Key developments in February included publication of the White Paper setting out what the UK government seeks to achieve in negotiating the UK’s exit from the EU and the progress of the European Union (Notification of Withdrawal) Bill 2017 through Parliament.
Brexit White Paper published
At the beginning of February, the Department for Exiting the European Union published a White Paper setting out what the UK government seeks to achieve in negotiating the UK’s exit from the EU and the UK’s new partnership with the EU.
The White Paper reiterated many of the points made by Theresa May in a speech on 17 January, which set out 12 priorities that the UK government will use to negotiate Brexit. It covers a wide range of legal areas, including commercial law, crime, financial services, employment, environmental law, immigration and international trade, but provides little new detail.
Triggering Article 50 of the Treaty on European Union
The government has stated that Article 50 of the Treaty on European Union will be triggered by the end of March. This note examines the withdrawal process under Article 50 and outlines the potential scope and content of negotiations and agreements between the UK and the EU.
On 17 February, EU law experts Sir David Edward, Sir Francis Jacobs and Sir Jeremy Lever provided a legal opinion on the constitutional role of Parliament in future decision-making on Brexit. It considers the UK’s constitutional requirements for withdrawing from the EU under Article 50 and whether an Article 50 notice can be unilaterally revoked if those constitutional requirements are not met.
On the same day, the House of Commons Library published a briefing paper on Parliament’s role in ratifying treaties. The paper provides background information on the process by which international treaties are ratified, explaining that the government must lay most treaties before Parliament for 21 sitting days before it can ratify them, and the House of Commons can block ratification indefinitely.
Progress of the European Union (Notification of Withdrawal) Bill 2017
The House of Lords Library published a briefing paper on the European Union (Notification of Withdrawal) Bill 2017 on 20 February. It summarises the debates that took place on the Bill in the House of Commons, after which the Bill was not amended.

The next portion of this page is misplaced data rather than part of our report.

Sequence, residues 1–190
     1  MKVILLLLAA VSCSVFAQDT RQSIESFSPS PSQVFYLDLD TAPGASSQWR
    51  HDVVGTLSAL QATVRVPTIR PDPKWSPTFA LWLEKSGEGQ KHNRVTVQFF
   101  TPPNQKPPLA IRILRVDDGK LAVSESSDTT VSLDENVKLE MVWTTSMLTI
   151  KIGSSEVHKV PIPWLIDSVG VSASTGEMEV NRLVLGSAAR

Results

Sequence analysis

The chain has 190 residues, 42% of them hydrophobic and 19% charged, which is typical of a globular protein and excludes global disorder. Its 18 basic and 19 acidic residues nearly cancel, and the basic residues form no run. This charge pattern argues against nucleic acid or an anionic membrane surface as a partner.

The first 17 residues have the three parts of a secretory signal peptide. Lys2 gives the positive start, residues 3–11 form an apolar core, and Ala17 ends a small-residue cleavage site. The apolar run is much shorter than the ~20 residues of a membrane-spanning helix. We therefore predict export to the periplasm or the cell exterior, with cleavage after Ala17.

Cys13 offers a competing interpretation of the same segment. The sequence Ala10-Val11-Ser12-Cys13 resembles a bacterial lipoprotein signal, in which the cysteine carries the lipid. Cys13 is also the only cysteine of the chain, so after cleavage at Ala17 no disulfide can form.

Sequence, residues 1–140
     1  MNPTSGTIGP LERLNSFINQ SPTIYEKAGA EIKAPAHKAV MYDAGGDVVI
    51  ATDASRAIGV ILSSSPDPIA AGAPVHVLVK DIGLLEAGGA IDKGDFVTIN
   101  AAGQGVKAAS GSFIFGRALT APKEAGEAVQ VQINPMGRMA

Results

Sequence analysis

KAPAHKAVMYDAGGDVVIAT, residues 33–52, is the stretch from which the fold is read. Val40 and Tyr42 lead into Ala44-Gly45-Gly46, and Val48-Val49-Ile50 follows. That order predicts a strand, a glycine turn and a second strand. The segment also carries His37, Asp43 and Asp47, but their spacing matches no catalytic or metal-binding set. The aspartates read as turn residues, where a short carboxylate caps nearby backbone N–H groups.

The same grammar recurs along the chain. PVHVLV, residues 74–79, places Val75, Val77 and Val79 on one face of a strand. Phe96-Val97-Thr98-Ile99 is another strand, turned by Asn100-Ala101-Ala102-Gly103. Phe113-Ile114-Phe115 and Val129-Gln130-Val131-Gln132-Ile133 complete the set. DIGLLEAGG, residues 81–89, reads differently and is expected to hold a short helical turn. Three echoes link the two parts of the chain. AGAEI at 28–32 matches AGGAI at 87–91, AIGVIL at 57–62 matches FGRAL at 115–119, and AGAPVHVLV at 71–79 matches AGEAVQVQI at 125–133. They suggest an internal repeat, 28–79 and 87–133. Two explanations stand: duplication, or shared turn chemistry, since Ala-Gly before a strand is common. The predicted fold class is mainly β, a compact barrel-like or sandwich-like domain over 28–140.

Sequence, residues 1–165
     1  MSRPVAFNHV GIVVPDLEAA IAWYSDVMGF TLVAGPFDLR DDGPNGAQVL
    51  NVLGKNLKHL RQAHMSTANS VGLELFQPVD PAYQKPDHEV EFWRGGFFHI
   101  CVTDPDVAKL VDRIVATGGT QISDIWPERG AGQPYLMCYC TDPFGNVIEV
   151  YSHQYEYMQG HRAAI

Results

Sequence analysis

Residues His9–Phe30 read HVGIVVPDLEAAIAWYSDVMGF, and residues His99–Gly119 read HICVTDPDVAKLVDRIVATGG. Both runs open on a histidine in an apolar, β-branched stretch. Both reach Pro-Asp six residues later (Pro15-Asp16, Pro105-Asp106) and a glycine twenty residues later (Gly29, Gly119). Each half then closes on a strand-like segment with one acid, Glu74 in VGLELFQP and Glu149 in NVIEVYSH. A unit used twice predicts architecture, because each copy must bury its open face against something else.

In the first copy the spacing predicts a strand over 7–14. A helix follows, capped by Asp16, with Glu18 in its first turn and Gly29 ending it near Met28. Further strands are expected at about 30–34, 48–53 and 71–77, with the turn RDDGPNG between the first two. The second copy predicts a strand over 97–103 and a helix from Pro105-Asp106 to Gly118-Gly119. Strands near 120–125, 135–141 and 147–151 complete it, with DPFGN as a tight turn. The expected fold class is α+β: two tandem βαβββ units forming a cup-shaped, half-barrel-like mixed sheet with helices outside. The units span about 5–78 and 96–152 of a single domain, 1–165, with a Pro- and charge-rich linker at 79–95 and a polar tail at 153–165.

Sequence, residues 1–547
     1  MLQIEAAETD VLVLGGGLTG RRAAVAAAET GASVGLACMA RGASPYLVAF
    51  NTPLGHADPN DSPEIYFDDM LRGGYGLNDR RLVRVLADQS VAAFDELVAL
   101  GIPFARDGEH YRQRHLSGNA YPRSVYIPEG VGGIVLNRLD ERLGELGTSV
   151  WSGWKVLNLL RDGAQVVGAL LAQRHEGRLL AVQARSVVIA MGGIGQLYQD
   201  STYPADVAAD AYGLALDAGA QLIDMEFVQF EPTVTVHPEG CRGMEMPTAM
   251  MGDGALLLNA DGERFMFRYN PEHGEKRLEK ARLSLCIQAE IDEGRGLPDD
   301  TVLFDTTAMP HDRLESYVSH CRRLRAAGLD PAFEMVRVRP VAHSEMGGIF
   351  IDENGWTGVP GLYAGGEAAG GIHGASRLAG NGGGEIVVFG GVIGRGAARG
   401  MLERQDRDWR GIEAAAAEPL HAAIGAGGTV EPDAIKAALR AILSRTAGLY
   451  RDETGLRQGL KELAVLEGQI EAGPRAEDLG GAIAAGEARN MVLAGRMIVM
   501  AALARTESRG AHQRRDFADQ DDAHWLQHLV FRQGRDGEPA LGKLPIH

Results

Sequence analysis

The Bill is currently at the Committee stage in the House of Lords.
Drafting for Brexit: Brexit clauses
Given the uncertainties around when and how Brexit will happen and its impact, no Brexit clause can be a “silver bullet”. Some commentators feel that they are little more than an “agreement to agree” and query the merit of including one. Others see value in providing contracting parties with a framework for discussions that may lead to them finding a resolution to Brexit problems.
Practical Law Commercial has published a note that explores the key issues to consider when drafting a clause to deal with the impact Brexit-related events may have on the business-to-business supply of goods or services. A long form and a short form specimen clause providing for renegotiation or termination on certain trigger events are included for consideration.
Practical Law is interested to hear views on the note and the clauses. Please send any comments to firstname.lastname@example.org. A selection or summary of comments received may be published. Please let us know if you would like your comments to be published anonymously.
If you would like to participate in our research on how organisations are responding to Brexit more generally, please register your interest by emailing email@example.com.
Civil justice cooperation and Brexit
As part of its inquiry on civil justice cooperation and Brexit, the House of Lords EU Justice Sub-Committee published evidence given by Sir Oliver Heald MP, Minister of State at the Ministry of Justice, on Brexit and civil justice cooperation. His evidence focused on various issues, including the importance of mutual recognition of choices of law, courts and enforcement of judgments, and the extent to which EU law will be imported into UK law by the Great Repeal Bill.
The Sub-Committee also published written evidence from Adrian Briggs QC on secession from the European Union and private international law. His evidence highlighted the main issues surrounding the government’s intention to repeal the European Communities Act 1972 and the resultant effect of current regulations no longer being enforceable.
Future of the UK legal sector post-Brexit
On 6 February, the House of Commons Justice Committee published published a transcript of evidence from leading organisations and professional bodies, on the future of the legal sector post-Brexit. These included Andrew Langdon QC, Chair of the Bar Council, Simon Gleeson, partner at Clifford Chance, Alison Hook, co-founder of Hook Tangaza and the President of the Law Society, Robert Bourns.
Detailed coverage of Brexit, including how it may impact different industry sectors, can be found on the Brexit homepage.